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Volume Twelve: Issue Two

Winter 2012

ARTICLES
No Dummies: Deafness, Baseball, and American Culture
R. A. R. Edwards

Abstract

Shared Thinking Processes with Four Deaf Poets: A Window on “the Creative” in “Creative Sign Language”
Donna West and Rachel Sutton-Spence

Abstract

ASL Discourse Strategies: Chaining and Connecting: Explaining across Audiences
David Quinto-Pozos and Wanette Reynolds

Abstract

Dictionaries of African Sign Languages: An Overview
Constanze H. Schmaling

Abstract

Prosodic Correlates of Sentences in Signed Languages: A Literature Review and Suggestions for New Types of Studies
Ellen Ormel and Onno Crasborn

Abstract

Toward a Phonetic Representation of Hand Configuration: The Thumb
Robert E. Johnson and Scott K. Liddell

Abstract

BOOK REVIEW
Language Policy and Planning for Sign Languages by Timothy G. Reagan
Verena Krausneker
ABSTRACTS
No Dummies: Deafness, Baseball, and American Culture

This article begins by examining the historical and social factors that led to 1901 being the “deafest” year in major league baseball history with four deaf players. In particular, the author discusses the career of William Ellsworth “Dummy” Hoy, a deaf man from Ohio who became the most celebrated deaf player in history and explores the reasons why he is not more celebrated in the mainstream culture.

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Shared Thinking Processes with Four Deaf Poets: A Window on “the Creative” in “Creative Sign Language”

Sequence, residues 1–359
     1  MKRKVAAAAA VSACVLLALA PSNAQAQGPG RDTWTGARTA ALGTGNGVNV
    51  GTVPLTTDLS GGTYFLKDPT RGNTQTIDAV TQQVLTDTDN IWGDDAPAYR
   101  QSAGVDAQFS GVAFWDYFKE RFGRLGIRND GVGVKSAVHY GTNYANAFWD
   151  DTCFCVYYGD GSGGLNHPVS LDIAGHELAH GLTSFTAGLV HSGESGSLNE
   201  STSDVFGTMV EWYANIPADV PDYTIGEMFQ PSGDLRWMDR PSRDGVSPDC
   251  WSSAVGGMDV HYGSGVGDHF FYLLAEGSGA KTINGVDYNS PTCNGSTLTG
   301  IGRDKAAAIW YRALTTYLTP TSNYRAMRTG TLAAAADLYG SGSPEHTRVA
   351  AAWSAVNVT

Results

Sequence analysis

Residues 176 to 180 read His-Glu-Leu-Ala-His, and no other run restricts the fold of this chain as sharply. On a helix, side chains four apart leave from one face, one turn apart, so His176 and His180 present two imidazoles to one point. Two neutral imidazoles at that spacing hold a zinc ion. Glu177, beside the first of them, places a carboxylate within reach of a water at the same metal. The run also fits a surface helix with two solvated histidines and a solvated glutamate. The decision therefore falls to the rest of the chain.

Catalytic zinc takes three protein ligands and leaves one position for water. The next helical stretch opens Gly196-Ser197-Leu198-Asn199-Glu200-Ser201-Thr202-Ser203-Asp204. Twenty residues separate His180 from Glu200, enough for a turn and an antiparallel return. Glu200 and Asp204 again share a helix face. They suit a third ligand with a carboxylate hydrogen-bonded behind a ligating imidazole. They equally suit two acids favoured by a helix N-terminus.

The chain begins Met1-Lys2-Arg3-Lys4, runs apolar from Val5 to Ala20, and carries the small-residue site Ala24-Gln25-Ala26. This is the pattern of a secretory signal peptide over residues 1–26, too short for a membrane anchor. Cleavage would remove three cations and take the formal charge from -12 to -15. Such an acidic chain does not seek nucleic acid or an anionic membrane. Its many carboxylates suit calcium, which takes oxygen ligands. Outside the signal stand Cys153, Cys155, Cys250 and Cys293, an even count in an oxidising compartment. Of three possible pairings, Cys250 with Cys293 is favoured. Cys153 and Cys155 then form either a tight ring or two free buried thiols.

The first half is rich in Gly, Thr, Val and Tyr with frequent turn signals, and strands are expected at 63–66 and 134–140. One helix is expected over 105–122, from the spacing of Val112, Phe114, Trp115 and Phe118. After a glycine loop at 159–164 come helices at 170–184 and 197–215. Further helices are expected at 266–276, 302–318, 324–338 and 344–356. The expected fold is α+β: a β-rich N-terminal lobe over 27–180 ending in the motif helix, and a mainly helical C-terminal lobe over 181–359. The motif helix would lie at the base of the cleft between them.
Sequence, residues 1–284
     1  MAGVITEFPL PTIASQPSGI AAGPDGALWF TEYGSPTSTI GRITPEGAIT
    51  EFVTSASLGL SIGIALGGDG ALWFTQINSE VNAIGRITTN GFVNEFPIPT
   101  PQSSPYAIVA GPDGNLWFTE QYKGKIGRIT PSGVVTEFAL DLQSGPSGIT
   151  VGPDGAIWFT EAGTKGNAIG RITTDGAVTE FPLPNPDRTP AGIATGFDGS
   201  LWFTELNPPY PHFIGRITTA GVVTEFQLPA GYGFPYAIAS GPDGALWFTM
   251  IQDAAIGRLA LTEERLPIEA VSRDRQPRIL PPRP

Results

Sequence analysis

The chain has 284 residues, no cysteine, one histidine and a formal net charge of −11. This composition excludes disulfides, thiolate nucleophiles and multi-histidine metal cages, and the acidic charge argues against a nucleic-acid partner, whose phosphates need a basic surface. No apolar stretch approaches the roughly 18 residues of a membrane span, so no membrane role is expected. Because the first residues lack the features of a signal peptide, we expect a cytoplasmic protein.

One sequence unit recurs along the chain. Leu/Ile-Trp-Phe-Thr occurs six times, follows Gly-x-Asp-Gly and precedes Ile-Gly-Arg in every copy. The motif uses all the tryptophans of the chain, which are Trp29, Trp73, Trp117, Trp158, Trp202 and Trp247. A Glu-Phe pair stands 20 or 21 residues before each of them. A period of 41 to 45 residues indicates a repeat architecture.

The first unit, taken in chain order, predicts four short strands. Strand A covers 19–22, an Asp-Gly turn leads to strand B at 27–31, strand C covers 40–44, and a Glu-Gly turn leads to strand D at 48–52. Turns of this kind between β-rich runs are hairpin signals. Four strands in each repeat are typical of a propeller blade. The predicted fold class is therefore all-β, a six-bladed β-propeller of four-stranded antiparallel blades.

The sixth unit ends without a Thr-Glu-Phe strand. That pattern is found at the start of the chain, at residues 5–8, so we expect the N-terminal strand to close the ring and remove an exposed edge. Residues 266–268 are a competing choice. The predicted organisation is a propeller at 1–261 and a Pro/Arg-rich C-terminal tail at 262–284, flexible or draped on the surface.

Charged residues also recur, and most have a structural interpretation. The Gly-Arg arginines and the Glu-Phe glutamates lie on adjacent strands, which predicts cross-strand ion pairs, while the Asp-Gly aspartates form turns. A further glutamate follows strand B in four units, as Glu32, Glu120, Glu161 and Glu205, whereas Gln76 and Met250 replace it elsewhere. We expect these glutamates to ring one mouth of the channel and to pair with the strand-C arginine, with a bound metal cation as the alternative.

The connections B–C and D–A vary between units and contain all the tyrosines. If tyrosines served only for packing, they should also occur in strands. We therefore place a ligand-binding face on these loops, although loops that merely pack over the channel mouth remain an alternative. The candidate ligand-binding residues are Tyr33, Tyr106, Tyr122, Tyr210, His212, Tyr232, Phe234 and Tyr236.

This article discusses a new way of thinking about analyzing sign-language poetry. Rather than merely focusing on the product, the method involves observing the process of its creation. Recent years have witnessed increasing literary and linguistic analysis of sign-language poetry, with commentaries on texts and performances being set within and drawing on a range of disciplines and analytical techniques. However, attention has so far been paid to the texts and performances rather than to the process of their creation. While working with four of the UK’s most prolific sign-language poets, exploring and trying to understand more about British Sign Language (BSL) poetry, we became increasingly interested in the creative processes that occur and emerge in the composition itself. We decided to give them a task related to creative anthropomorphism and asked them to think “out loud” about the process as they created their compositions.

We took our lead from think-aloud protocols, which have been used extensively in studies of cognitive processes and knowledge acquisition to understand how we solve problems (van Someren, Barnard, and Sandberg 1994; Tirkkonen-Condit and Jääskeläinen 2000; Stone 2009). We invited the poets to reflect upon and share with each other how they tackle a particular challenging aspect that is often incorporated in sign-language poems. This shared thinking process enabled them to explore anthropomorphic concepts together and jointly to create poetic examples, while also giving us insight into the processes of task completion (rather than only its final product).

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ASL Discourse Strategies: Chaining and Connecting: Explaining across Audiences